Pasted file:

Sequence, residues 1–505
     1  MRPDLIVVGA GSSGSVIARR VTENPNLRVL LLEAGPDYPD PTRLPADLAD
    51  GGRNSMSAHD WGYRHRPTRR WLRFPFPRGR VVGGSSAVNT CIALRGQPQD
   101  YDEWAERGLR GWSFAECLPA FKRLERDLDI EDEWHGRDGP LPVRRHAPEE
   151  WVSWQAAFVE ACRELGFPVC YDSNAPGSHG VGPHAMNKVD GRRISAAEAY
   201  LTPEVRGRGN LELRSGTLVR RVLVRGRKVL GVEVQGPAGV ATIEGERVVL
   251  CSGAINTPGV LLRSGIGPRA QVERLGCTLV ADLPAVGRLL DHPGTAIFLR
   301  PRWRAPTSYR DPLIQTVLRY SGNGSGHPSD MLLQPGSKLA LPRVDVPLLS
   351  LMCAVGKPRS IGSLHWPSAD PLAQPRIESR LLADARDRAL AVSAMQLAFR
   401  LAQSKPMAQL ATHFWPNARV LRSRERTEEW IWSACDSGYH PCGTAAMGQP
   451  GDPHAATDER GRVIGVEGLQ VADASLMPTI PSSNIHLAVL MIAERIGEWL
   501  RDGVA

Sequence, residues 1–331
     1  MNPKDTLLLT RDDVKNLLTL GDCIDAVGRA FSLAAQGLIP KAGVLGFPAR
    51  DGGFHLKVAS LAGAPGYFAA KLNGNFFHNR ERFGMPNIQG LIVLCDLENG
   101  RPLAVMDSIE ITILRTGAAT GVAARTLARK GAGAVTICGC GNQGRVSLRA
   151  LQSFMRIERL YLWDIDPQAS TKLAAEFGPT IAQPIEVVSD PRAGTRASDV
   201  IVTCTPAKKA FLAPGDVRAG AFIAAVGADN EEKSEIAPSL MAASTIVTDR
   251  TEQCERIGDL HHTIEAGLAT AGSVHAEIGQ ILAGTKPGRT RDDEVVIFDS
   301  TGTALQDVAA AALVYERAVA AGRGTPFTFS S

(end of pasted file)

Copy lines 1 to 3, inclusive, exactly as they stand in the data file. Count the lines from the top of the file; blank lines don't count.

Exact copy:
Sequence, residues 1–505
     1  MRPDLIVVGA GSSGSVIARR VTENPNLRVL LLEAGPDYPD PTRLPADLAD
    51  GGRNSMSAHD WGYRHRPTRR WLRFPFPRGR VVGGSSAVNT CIALRGQPQD